Sunday, March 25, 2012

The literary establishment

Last week in the Guardian Geoff Dyer questioned the whole concept of the 'literary establishment'. He makes some good points, but, in view of MsLexia's recent experiment to find undiscovered talent and the shocking results (which I wrote about here), as I read Dyer's piece a thought was lurking in my mind which is best expressed by a response from Paul Bilic in this week's Review Letters, who says:
What he fails to address, however, is that to huge majority of non-metropolitan types who are not journalists or celebrities it is nigh on impossible to get a manuscript read by an agent, let alone a publisher. For these people, the notion of an establishment still means something, and, I would contend, more so now than ever before.

Friday, March 23, 2012

Not yet kindled...

Joanna Trollope, chair of this year's Orange Prize, has said that she found reading all the books on her Kindle or iPad a most unsatisfactory experience:
The machines homogenised everything. No matter how striking the prose, the little grey screen subdued everything to sameness... The sheer heft of a book in your hand ... is not only pleasurable but informative. You can tell a great deal just by the look and the feel. (Guardian - can't find a link, I'm afraid)
I've so often said that it's the words that matter, not the trappings with which they're conveyed, but now I'm thinking I agree with Trollope about the Kindle. I got mine for Christmas but, although I've done a fair bit of reading to say that I've also been writing hard, I can't say I've used it much.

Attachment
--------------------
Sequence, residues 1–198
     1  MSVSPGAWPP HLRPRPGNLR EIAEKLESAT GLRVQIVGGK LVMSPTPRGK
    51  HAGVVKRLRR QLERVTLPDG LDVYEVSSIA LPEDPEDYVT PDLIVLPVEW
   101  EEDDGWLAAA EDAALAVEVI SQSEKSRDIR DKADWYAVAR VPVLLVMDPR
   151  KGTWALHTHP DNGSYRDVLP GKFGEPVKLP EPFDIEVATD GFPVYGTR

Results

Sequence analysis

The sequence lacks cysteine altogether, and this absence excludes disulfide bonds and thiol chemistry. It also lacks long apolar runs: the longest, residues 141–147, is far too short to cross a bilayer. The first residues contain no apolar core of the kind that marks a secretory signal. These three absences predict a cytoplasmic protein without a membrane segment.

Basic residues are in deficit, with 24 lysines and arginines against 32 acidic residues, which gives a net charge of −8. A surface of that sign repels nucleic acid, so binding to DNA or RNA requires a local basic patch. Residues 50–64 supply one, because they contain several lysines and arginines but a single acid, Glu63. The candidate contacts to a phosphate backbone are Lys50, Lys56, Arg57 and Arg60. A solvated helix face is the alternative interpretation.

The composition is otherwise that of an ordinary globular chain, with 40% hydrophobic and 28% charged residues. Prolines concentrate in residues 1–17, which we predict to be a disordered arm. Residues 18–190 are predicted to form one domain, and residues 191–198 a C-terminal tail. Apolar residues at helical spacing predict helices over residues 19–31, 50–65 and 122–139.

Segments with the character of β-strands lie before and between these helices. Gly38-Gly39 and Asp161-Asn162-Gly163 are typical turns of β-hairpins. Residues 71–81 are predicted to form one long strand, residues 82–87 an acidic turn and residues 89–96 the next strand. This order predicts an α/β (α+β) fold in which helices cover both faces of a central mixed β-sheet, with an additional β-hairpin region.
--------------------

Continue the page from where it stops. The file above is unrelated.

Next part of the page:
I must say I had a bad experience to begin with: I downloaded a PDF I needed for research, and it was hopeless: when the screen showed the whole page, the print was impossibly tiny, and zooming in gave me a frustrating section of a page only, whereas if there was one thing I needed to do with this document, which was the report of a tribunal, it was scan whole pages and skip. I ended up printing out the whole hundred A4 pages, which gave me the chance physically to divide it all up, and put together the sections I really needed, and mark bits with different coloured highlighters according to order of importance. Well, that was a PDF, but then when I came to download a novel next, I discovered that that ability to skip back and forth is crucial to my reading of novels, and it wasn't so easy on a Kindle. Get to a point in a novel which refers you back to an earlier moment which you then want to glance at again quickly, and with a paper book you can usually do it in an instant by remembering how far the book was physically open at the time. Try that on a Kindle, and you're pressing one button after another, and your reading experience is suspended and clotted... And I know some people think it's sacrilege, but I like to scribble copious notes in the margins at top speed...

Maybe I'm just not used to it yet, and maybe I'd be thinking they weren't problems by now if most books since Christmas hadn't however presented themselves to me in print form. I've been sent several print novels for review and comment (and offered a sackful more). I read two books for my reading group, but I had both on my shelves already - and only one of them was available on Kindle in any case. I've read a beautifully produced new hardback - just the opposite of an ebook, with its carefully appropriate artwork, and its creamy pages with good black print so easy on the eye - and I've since been sent the paperback edition. I've been working on proposals for drama adaptations of novels: only one of those books was available on Kindle, and I already had a copy of its print edition. As for those I didn't have, I was back in that old sweet-smelling world of the second-hand bookstore, and the joy of the cover artwork of earlier eras.